EL PASO – Supporters of Anonymous occupied the sidewalk in front of the Courthouse here on Nov. 5 protesting the growth of the federal government and the disproportionate power of big corporations in the United States.
Anonymous supporters participated in the Million Mask March, which swept the globe in urban cities such as, Washington, D.C., London, Tokyo and Sydney. Protesters in major cities such as D.C. experienced arrests and police resistance.
Organizer of the international march Christine Anne Sands said that she had asked for a permit in Washington, D.C. and had been waiting to receive one to prevent negative attention that has given the Hacktivist group a shady reputation.
“I have never been arrested,” Sands said. “So I have been getting trolled really hard because other members of Anonymous suspect that I am working for the government.”
Sands explained that a contrasting group called Citizen’s Action group would take a more vigilant approach and protest where they were not granted a permit. Weeks before the protest, Sands said she received unwanted phone calls and emails that rejected the method she had adopted from other members of Anonymous.
The group in the past had radical and conservative methods to protesting against political processes. In 2011 and 2012 according to the FBI and news sources the collective hacked into private calls between the FBI and Scotland Yard, the Playstation Network, the Church of Scientology and other government websites.
Supporters in El Paso occupied the Courthouse sidewalk at 8 a.m. while voting polls were open. The group had organized itself through a Facebook event and community mainly for El Paso. The page indicated that out of 706 invitations, 71 were committed to joining the effort.
Ivan Morales, a protestor and full-time employee at Apys Color Supply, said that he hoped the international protests were not like the occupy Wall Street movement. Morales said that during that movement, the occupiers mostly complained about issues rather than trying to solve them.
Morales attended the local protest because of his disagreement with the recently instituted health care policy. Morales has an illness that requires him to constantly buy medicine for his condition. He said the medication costs approximately one thousand dollars a month.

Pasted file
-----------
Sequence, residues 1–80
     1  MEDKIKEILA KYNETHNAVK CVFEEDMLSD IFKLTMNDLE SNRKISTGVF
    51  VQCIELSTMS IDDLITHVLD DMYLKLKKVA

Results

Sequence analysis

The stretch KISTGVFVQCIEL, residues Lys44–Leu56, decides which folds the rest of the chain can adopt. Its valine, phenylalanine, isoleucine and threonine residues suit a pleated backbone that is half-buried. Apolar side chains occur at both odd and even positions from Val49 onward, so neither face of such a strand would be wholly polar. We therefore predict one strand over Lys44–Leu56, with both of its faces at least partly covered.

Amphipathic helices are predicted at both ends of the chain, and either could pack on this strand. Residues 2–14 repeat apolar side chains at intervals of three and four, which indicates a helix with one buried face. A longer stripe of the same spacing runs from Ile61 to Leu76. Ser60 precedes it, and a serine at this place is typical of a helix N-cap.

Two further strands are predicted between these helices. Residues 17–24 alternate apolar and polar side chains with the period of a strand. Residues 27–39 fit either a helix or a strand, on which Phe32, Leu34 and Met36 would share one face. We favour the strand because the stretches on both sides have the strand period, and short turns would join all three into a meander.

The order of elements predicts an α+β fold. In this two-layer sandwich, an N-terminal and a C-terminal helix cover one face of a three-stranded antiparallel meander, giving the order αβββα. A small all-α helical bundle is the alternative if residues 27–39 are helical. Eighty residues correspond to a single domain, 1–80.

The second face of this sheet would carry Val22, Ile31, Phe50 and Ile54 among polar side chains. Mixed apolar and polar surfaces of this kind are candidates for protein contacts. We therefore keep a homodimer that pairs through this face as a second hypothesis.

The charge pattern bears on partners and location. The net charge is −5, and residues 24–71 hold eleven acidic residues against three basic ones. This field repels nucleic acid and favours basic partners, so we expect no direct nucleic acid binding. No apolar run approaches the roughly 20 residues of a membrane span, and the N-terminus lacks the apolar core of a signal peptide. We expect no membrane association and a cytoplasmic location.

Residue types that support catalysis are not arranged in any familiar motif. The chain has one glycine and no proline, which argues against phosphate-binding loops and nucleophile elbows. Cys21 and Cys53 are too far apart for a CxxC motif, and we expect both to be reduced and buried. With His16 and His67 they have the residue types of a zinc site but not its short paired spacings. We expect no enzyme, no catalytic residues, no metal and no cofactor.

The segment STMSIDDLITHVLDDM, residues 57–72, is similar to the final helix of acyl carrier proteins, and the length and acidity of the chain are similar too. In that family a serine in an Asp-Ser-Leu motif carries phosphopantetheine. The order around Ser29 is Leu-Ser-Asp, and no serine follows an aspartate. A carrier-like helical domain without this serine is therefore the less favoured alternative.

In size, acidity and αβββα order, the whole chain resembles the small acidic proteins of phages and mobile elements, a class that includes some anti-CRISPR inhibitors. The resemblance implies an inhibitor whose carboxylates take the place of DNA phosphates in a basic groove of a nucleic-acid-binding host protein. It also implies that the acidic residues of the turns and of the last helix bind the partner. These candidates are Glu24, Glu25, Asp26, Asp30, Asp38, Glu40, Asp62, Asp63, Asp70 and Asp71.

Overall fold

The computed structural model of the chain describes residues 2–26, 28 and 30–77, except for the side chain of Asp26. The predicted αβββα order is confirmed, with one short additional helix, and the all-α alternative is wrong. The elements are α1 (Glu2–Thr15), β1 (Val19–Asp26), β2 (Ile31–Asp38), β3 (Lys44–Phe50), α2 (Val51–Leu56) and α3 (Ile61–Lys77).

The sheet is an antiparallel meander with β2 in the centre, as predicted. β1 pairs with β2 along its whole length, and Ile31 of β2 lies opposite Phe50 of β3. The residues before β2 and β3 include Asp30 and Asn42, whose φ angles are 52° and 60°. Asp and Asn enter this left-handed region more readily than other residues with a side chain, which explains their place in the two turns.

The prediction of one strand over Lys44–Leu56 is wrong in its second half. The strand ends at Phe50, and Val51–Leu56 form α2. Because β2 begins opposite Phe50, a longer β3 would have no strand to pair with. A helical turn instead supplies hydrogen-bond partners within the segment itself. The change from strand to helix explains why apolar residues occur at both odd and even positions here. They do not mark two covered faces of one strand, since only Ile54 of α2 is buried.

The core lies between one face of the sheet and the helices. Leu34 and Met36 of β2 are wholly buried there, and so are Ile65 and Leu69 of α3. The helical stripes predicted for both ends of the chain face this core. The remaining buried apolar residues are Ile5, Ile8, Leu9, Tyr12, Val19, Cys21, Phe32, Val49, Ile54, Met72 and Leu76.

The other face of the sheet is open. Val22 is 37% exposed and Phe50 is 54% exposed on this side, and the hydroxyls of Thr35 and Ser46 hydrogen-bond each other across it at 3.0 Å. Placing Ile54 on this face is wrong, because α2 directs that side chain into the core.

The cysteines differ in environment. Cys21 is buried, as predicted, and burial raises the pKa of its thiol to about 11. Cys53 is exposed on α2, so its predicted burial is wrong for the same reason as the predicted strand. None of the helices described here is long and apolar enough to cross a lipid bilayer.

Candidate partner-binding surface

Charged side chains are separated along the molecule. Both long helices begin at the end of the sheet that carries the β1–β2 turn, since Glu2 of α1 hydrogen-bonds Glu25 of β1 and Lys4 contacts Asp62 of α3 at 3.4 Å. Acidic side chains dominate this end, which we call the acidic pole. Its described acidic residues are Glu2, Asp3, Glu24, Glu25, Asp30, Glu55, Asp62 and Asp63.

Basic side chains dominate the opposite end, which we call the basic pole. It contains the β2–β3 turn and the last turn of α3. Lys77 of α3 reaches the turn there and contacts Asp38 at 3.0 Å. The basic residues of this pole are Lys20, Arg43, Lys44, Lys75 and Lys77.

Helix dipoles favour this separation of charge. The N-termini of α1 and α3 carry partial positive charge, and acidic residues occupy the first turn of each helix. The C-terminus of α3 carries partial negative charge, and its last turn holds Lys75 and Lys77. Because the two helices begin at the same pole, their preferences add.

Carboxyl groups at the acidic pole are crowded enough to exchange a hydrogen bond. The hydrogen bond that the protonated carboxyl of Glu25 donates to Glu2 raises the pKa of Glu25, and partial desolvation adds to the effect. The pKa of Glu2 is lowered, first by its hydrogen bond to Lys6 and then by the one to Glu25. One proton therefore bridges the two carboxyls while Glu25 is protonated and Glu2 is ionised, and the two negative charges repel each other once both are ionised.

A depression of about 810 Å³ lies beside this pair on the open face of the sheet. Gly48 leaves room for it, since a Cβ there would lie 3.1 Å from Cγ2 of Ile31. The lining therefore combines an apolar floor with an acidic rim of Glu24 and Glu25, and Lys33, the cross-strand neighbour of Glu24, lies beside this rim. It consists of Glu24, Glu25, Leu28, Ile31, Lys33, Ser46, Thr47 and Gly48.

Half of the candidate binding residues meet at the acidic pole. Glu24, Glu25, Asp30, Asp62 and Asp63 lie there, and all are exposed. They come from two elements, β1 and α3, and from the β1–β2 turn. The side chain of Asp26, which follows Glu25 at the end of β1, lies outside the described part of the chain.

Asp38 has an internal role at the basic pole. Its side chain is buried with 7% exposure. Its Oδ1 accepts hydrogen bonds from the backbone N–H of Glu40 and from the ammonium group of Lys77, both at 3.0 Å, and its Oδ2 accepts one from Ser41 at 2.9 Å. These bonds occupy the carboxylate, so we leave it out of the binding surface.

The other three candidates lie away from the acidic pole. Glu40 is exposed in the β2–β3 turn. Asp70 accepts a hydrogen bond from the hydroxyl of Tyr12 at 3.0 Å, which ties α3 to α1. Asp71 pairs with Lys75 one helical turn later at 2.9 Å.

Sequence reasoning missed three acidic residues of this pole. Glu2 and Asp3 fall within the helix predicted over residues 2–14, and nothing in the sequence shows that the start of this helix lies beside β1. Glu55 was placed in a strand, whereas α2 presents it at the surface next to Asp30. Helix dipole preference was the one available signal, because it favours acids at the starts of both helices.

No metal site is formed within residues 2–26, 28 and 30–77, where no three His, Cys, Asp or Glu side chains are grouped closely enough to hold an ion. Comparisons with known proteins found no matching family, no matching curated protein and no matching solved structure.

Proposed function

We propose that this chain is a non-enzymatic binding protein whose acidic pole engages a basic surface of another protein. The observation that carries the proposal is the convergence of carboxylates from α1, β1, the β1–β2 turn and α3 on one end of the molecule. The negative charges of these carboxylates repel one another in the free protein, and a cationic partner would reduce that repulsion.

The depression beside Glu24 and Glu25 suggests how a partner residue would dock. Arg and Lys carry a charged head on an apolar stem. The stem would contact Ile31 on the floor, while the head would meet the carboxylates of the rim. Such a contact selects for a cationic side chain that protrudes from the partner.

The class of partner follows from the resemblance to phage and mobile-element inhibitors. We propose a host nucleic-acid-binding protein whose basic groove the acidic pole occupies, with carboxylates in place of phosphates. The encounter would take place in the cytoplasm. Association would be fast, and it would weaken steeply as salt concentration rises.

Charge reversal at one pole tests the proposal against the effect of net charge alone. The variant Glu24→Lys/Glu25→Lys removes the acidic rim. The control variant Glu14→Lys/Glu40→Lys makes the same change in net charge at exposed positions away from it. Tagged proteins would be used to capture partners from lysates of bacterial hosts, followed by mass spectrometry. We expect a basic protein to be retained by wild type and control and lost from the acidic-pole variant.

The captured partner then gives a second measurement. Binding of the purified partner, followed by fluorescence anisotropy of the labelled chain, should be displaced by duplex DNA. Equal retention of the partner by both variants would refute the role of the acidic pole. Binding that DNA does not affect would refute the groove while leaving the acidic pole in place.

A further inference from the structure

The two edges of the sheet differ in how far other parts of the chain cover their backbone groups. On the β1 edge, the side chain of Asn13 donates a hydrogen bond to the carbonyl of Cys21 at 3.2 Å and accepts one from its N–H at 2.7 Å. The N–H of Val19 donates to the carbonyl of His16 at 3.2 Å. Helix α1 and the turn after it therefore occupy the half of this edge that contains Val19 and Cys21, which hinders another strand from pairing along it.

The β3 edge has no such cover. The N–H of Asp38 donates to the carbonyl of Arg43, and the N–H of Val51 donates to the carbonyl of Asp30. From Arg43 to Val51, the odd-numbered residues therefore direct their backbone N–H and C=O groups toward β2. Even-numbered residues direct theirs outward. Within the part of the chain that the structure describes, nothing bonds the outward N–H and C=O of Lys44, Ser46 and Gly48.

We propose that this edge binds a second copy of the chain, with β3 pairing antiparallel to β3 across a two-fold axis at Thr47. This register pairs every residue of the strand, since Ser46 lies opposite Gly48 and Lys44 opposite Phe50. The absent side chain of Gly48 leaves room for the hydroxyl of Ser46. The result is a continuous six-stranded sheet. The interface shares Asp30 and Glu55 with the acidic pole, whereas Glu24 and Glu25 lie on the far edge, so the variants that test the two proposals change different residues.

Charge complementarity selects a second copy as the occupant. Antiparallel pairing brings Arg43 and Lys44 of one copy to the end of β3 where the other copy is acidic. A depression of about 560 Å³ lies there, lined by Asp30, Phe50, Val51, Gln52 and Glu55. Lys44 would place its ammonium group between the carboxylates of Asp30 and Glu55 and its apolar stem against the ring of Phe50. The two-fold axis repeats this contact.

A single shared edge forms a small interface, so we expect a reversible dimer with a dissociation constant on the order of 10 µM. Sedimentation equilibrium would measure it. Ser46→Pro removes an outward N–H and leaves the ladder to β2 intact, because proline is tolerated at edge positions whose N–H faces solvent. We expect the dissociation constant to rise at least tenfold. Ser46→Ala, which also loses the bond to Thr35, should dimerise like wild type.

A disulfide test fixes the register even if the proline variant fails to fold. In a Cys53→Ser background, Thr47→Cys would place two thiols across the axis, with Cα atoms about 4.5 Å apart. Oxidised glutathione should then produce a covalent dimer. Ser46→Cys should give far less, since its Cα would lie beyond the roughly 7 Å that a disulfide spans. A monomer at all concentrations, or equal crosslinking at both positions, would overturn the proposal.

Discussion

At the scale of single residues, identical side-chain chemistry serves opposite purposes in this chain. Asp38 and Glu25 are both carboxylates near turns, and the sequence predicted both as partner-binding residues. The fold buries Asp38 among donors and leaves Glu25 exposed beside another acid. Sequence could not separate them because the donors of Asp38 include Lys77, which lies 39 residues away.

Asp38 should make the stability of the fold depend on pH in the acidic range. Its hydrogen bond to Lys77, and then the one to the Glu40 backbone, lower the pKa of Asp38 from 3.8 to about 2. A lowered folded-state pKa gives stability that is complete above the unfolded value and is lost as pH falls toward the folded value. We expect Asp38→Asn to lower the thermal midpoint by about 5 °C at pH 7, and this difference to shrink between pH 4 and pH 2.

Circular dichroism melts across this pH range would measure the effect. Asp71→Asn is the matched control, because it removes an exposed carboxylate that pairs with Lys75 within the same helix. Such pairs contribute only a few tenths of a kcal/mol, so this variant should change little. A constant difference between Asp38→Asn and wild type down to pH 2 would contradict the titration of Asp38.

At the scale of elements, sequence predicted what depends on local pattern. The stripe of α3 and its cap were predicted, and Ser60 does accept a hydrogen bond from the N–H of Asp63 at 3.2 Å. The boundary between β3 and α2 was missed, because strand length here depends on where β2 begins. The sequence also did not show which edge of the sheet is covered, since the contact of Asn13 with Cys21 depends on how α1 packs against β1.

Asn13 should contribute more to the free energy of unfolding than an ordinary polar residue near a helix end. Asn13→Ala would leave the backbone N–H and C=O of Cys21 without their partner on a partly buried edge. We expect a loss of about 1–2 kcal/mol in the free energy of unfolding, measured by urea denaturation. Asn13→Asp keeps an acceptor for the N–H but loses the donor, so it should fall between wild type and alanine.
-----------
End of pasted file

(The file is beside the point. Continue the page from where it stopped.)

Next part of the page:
“One thing I have been upset about is Obamacare. I was getting a lot more aid without insurance,” Morales said. “For me, it costs a lot more with insurance and it is difficult to pay so much.”
Those present at the protest expressed a variety of concerns including militarized police states, the country allowing foreign investment and concern for the National Surveillance Administration ability to search through digital accounts.
Though protesting as part of the Million Mask March, the participants in El Paso did not affiliate themselves with Anonymous. Supporter Adrian Valdez said that despite joining the event, he believes in showing a face when delivering a message.
“I am a person and I believe in showing a face,” Adrian Valdez said. “People do recognize you and what you are trying to say when you have a face.”
Inspired by the V for Vendetta movie, Jose Cervantes, 21, attended the event from morning to night. In between he had a shift at Wal-Mart, but he made his way back to prove his commitment. He spoke out against following what media and society try to tell people to follow. Cervantes said that he was a full-time student before going into the workforce. He said he left school because he felt like he was not serving himself, but others.
Cervantes said that he did not favor big business because of the unfair capabilities the industry has when it comes to big business. He said that corporations use their money to influence politics.
“I don’t like the ability for big companies to lobby and get what they want,” he said. “The rest of us can’t go and do that.”